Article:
Writing with a partner has a lot of advantages. You always have someone to bounce ideas around with, for one. You have someone to give you notes on your drafts. And you have someone to fret with about the business side of things. During a meeting, if you draw a blank, your partner can swoop in and take over, and afterwards, you can compare notes about how you think it went. The big disadvantage, of course, is that you share a paycheck.

As for our writing process together, Josh and I always break the story together. This is usually the most time-consuming part for us. Because we work as a team, we like to have a complete and very detailed outline before we split to do pages. Often, it will take us twice as long to get the outline done as it will to write the actual pages of the first draft.

When the outline is done, he take scenes 1, I take scene 2. Then we swap and edit each other’s pages, and move on to scene 3 and 4 in the same way.

The NBC program is part time. How hard was it to keep up with the workload while working a full time job?

It was really tough for me. I was starting a new position at the time, and we were finishing up ghostwriting a book for a client. And then someone rear-ended me in a parking lot, so I had to deal with the repairs for that. And then we had a major leak in our kitchen. (We’re still dealing with the repairs for that one.)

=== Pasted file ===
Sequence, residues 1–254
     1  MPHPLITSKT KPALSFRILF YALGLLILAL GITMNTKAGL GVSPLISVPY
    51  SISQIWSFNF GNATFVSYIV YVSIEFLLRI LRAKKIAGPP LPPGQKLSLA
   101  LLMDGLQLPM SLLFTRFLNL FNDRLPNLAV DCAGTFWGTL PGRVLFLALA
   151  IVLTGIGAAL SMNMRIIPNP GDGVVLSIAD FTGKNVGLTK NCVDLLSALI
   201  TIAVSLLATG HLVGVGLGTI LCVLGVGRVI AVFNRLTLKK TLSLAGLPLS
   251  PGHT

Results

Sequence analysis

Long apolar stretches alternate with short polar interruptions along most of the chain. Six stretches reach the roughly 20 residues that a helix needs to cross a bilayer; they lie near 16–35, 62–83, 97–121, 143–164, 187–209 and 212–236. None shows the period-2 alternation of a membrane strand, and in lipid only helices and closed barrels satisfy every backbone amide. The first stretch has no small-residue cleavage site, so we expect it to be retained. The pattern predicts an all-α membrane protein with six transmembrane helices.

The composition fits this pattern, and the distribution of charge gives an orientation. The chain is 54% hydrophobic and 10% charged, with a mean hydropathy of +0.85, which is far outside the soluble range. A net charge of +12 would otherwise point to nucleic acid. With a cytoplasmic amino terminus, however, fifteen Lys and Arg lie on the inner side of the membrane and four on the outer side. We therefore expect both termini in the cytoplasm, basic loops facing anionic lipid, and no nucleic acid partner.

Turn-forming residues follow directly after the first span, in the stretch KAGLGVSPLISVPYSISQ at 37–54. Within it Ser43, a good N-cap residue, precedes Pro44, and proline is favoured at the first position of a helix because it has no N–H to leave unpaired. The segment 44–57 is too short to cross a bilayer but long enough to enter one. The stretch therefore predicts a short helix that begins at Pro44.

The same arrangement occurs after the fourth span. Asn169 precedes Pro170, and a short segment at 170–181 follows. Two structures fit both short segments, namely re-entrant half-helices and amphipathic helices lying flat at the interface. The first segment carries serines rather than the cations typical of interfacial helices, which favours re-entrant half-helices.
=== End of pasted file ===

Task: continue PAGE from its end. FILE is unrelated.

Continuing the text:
The only reason we made it through with most of our sanity intact is that the show Josh was working on ended pretty early on in the program. But even with him at home during the day, if I could go back and do it all over again, I would probably have quit my job to focus on the program. It was a lot of work in a short period of time, but after having gone through all that, I now feel confident that I can meet any deadline in a professional environment. You want a completed outline by tomorrow? No problem. It may not be perfect, but I know I can get it done.

Can you talk about what happened after the NBC program?

The program does a really great job of helping you make connections. Once everything is done, they send your work out to representatives they know who they think would be a good fit for you, and they have a “coming out” party where you meet with different agents, managers, and executives. Because of the program, we have a team of managers working to get our stuff out there and set meetings for us. We feel really lucky to have them.